U.S. Congress Must Ensure Continued Funding For Infectious Disease Preparedness

The Hill: Ebola outbreak reminds us that we need pandemic preparedness
Brian T. Garibaldi, director of the bio-containment unit at Johns Hopkins Hospital and associate professor at the Johns Hopkins University School of Medicine, and Lisa L. Maragakis, senior director of infection prevention for the Johns Hopkins Health System and associate professor at the Johns Hopkins University School of Medicine and the Bloomberg School of Public Health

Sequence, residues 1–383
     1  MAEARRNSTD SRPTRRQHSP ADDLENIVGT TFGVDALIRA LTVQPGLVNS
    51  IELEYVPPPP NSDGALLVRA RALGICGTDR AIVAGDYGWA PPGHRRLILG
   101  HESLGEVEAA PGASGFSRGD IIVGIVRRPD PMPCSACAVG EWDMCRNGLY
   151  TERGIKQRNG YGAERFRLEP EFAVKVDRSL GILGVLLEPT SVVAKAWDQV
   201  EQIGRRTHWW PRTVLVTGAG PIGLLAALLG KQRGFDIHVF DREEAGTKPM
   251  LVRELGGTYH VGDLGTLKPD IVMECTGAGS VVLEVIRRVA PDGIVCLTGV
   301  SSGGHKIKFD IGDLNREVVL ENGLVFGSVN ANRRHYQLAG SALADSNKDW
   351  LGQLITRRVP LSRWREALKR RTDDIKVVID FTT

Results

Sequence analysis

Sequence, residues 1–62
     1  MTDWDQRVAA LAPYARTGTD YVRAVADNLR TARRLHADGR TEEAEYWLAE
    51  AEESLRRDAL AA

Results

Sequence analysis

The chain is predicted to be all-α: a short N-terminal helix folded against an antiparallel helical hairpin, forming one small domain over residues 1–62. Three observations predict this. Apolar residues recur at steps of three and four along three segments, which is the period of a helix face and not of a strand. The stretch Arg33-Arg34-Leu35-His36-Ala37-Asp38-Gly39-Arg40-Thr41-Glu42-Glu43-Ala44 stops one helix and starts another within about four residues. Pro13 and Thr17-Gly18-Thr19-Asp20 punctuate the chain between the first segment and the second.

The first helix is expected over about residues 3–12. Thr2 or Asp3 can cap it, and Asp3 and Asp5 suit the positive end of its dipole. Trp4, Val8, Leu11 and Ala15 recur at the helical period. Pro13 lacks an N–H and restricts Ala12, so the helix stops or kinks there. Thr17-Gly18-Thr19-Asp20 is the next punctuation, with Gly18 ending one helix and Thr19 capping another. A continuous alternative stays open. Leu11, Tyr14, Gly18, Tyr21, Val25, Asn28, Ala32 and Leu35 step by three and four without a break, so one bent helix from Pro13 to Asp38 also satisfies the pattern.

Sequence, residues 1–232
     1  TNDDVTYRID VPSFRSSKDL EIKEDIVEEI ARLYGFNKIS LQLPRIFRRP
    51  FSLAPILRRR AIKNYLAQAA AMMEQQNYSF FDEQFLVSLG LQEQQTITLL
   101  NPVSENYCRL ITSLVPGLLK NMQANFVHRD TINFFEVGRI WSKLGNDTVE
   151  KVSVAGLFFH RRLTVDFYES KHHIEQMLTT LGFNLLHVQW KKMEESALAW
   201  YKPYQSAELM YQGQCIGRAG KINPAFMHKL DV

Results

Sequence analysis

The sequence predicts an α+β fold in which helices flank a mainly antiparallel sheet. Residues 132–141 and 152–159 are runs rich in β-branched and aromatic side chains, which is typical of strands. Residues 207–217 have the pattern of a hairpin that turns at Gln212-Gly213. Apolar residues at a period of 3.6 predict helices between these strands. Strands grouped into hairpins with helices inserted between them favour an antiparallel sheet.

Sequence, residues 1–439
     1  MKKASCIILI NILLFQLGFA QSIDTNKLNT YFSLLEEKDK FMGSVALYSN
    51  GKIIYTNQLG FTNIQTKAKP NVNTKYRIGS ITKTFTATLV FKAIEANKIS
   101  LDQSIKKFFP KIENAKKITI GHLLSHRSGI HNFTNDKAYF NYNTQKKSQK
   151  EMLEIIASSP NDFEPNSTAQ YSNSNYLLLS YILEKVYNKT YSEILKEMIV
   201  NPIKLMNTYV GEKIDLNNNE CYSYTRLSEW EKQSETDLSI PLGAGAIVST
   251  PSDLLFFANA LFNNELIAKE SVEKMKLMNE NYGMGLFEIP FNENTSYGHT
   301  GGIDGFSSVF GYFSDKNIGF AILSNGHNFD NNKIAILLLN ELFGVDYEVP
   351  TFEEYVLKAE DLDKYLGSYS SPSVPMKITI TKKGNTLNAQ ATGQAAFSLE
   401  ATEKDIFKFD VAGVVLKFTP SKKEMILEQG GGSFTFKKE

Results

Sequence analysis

“…In recent decades, new dangers — including the emergence of lethal pathogens, such as severe acute respiratory syndrome (SARS) and Middle East respiratory syndrome (MERS), the increase in viral hemorrhagic fever outbreaks such as Ebola and Lassa fever, and the rapid rise of antibiotic-resistant bacteria — threaten to outpace our ability to develop effective treatments. Overcoming these new and challenging obstacles — and protecting the public from a 21st century pandemic — requires preparation and resources. In response, Congress supported an effort in 2014 by the U.S. Department of Health and Human Services Office of the Assistant Secretary for Preparedness and Response (ASPR) to create 10 regional Ebola and special pathogen treatment centers (RESPTCs). … These preparedness initiatives provide a tremendous resource, allowing our nation to better respond to threats from highly infectious diseases. … Nationally and regionally, we are far better prepared to respond to an infectious disease threat, such as Ebola or pandemic respiratory virus, because of these dedicated federal resources. … We have an opportunity to build upon the infrastructure that has been put in place and continue strengthening our capabilities to meet these and other biologic threats. Congress can help achieve these goals by re-authorizing and appropriating investment in infectious disease preparedness” (2/4).

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